The history department is deeply saddened by Jonathan Steinberg’s death on March 4th. Jonathan was an esteemed colleague, a revered teacher, and to many of us a cherished friend.
Warren Breckman, Melissa Teixeira, D’Maris Coffman
The history department is deeply saddened by Jonathan Steinberg’s death on March 4th. Jonathan was an esteemed colleague, a revered teacher, and to many of us a cherished friend. Jonathan was the Walter H. Annenberg professor in modern European history at Penn from 2000-2015. By the time he moved to Philadelphia, he had already enjoyed a 35-year career at the University of Cambridge, where he had completed his PhD under F.H. Hinsley, who had helped to crack the ENIGMA machines at Bletchley Park. Prior to starting his graduate studies at Cambridge in 1961, Jonathan worked briefly at the E.G. Warburg Bank in New York City and even earlier served briefly in the US military after completing his bachelor’s degree at Harvard.
Jonathan was an intellectual of great acuity, capacious range and boundless curiosity. He believed in the power of facts and had many at his disposal; but he also had a penetrating analytical mind. His erudition was deep and, in an era of specialists, simultaneously thorough and idiosyncratic. He could startle with mention of the most arcane of works, but typically the surprise came from the illuminating relevance of the reference, not from its obscurity; and like a good chess player, he often seemed one or two moves ahead of his interlocutors. Such traits might be overbearing in some people, but Jonathan was unfailingly kind and generous in his interactions with colleagues and students.
As Jonathan related at his retirement celebration in 2015, “When I first began my historical research, I gravitated to German history because the extermination of the Jews by the Nazis seemed to me then and still seems to me now the greatest challenge to historical thinking.” That interest led him first to study a crucial moment in the Wilhelmine period when an ascending Germany first flexed its muscle on the global stage. A dissertation on pre-1914 German naval policy became his first book, Yesterday’s Deterrent: Tirpitz and the Birth of the German Battle Fleet (1965). As to his next topic, anyone who recalls Orson Welles’ quip in The Third Man that the Borgias produced Michelangelo, Leonardo and the Renaissance while Switzerland gave us the cuckoo clock might have wondered. Why Switzerland? (1975) justified the choice in spades. Now in its third edition, the book is a classic account of one of the most anomalous countries of Europe. In 1990, he finally turned his scholarship directly to the urgent question that had first led him into history. All or Nothing: The Axis and the Holocaust 1941-1943 is a searing work that broke new ground not only in its comparison of German and Italian treatment of the Jews but in its account of occupied territories in wartime Europe. Its exploration of the occupied Balkans, particularly Croatia, became something of an unintended primer for understanding the reemergence of ethnic violence in that region in the 1990s. Jonathan’s interest in the fascist era converged with his expertise in financial and economic history in The Deutsche Bank and its Gold Transactions during the Second World War (1999). Tracking the bank’s handling of gold plundered from central banks in occupied Europe and victims of concentration camps, the book was commissioned by none other than the Deutsche Bank itself. In 2011, Jonathan published his crowning achievement, Bismarck: A Life. Many of his colleagues at Penn had no idea he was working on Bismarck until this magisterial work appeared as if conjured out of thin air. The book has been heralded as a definitive biography, even prompting an unexpected if somewhat curious review in the New York Times by Henry Kissinger.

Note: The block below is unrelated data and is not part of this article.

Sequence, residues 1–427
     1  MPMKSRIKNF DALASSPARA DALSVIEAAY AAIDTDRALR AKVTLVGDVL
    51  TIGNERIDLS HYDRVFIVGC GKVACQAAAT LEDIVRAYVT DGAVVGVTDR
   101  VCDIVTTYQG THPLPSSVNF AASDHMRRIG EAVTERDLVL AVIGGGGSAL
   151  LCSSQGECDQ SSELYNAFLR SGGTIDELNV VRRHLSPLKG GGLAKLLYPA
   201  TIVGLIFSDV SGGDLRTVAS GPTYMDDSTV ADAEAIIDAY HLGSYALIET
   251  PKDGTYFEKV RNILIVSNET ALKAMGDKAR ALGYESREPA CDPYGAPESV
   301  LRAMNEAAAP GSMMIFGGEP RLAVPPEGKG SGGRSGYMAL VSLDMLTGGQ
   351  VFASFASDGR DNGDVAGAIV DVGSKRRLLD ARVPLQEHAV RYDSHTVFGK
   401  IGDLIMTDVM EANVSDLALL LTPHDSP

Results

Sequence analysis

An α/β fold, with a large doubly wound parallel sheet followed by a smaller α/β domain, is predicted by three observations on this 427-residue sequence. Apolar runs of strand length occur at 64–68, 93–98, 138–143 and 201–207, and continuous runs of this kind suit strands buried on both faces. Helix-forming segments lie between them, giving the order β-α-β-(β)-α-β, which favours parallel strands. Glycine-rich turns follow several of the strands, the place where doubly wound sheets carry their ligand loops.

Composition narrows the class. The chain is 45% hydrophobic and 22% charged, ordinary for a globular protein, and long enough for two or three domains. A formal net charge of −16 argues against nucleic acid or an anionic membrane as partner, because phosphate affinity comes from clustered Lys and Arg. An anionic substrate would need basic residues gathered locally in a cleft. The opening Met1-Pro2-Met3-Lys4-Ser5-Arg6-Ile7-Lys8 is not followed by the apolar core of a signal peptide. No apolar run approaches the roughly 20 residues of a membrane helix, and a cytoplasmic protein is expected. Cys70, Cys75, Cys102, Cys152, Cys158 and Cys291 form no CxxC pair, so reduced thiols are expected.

From the moment he arrived at Penn, Jonathan devoted himself fully to his new institution. He served as the History Department chair from 2001 to 2004, and he was always a committed and tireless citizen of the department. He was a charismatic teacher, whose lectures on nineteenth and twentieth-century Europe drew many students, including a large following of senior associates. He was a caring and dedicated teacher and mentor to many of our graduate students. Above all, he was a lustrous and enlivening presence in our community, bringing intellectual gravity and, occasionally, levity to our proceedings. We extend our deep condolences to Jonathan’s partner Marion Kant and his family, and to the many friends who are diminished by this loss.
Sheldon and Lucy Hackney Professor of History
University of Pennsylvania
The intellectual acuity evident in Jonathan Steinberg’s scholarship was matched by the generosity with which he mentored his undergraduate students. I first met Jonathan as a sophomore at the University of Pennsylvania, when I enrolled in his lecture course on the history of nineteenth-century Europe. Jonathan was a brilliant scholar. He was also one of the most popular professors at Penn. His graceful and sweeping lectures certainly sparked my decision to major in history, as no doubt was the case for many others. Much of this particular course centered on a comparative examination of the problems of state-building in nineteenth-century Europe. His focus on Italy and Germany was motivated by his enduring scholarly commitment to account for the rise of fascist and Nazi regimes in the 1920s and 1930s. While I did not realize it then, his engagement with these questions would leave an imprint on my own intellectual development, as I would go on to graduate school to pursue these themes in relation to Southern Europe and Latin America.